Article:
Can cheaters beat the new system?

Various analyses have shown that a sizable portion of Airbnb’s New York City revenue was coming from illegal rentals — landlords renting out empty apartments to tourists rather than tenants — but stopping them has been difficult. The disclosure of host data will make enforcement easier, but not eliminate the lawbreaking.

“No matter how you write something, someone will figure out a way to get around it,” Krueger admitted.

Before the city passed its host-data law, the state made it illegal to advertise rentals that would be illegal. Hefty fines were authorized. Some thought that would allow the city to crack down on illicit rentals without inspectors having to catch violators in the act. But had that measure been a panacea, the city would not have bothered passing more legislation.

Evasion will certainly be harder under the new system. Creating multiple Airbnb profiles will no longer suffice to disguise a large Airbnb operation, because the city will get an account identifier for each transaction and can see if money from seemingly unrelated rentals is flowing to the same place.

“It’s very important that the city can get the exact information about [hosts] because there’s so many ways of doing anonymous accounts,” Krueger said.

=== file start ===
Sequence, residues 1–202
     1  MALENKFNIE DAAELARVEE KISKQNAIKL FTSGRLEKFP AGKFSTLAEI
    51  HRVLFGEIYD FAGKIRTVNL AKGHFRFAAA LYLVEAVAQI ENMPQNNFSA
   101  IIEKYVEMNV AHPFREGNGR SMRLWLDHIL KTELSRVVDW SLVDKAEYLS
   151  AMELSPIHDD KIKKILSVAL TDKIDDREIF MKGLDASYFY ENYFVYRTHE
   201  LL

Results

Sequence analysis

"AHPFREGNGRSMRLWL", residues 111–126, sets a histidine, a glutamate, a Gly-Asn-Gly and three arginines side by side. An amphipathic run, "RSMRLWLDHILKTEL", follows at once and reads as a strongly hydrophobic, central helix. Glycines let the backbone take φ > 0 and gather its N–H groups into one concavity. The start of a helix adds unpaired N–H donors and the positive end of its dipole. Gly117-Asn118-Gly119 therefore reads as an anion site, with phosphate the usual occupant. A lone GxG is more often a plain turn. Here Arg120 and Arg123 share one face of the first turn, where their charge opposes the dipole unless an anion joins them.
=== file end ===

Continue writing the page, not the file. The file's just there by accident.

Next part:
Did the city concede anything?

Not much. The de Blasio administration agreed to carve out low-level hosts that it would rather not bother anyway. Of course, city government being what it is, inspectors still occasionally knocked on the doors of average-Joe Airbnb hosts who were actually following the rules and fined them for unrelated violations. Some of these stories ended up in the media, embarrassing City Hall. One judge who sided with a small-time host wrote in his decision, “Leave the poor guy alone.”

In another concession, the city settled for quarterly, rather than monthly, disclosures from Airbnb. One anti-Airbnb source said the city bureaucracy would never have been able to keep up with monthly data dumps in any case.

Will the pandemic change Airbnb politics?

Given the economic damage wreaked by the coronavirus shutdown, Airbnb is likely to double down on its message that home-sharing provides crucial revenue for struggling New Yorkers — keeping some in their homes. The company could also say that it can help draw tourists back.

But anti-Airbnb forces — the Hotel Trades Council, Hotel Association of New York City and their political allies — have a pandemic argument as well: Hotels in the city have closed by the dozens and occupancy at those still open remains under 50 percent. The last thing they need is competition from San Francisco-based Airbnb.

Will the new regime ease the housing crunch?

The main policy argument for banning short-term rentals of apartments is so New Yorkers can live in them. Airbnb has about 50,000 hosts in the city. If the settlement with Airbnb were wildly successful, it would increase the number of city residences by 1 percent. That would not make a noticeable difference in rents, but it would help — and cost the city nothing at a time when it’s slashing the capital budget for housing.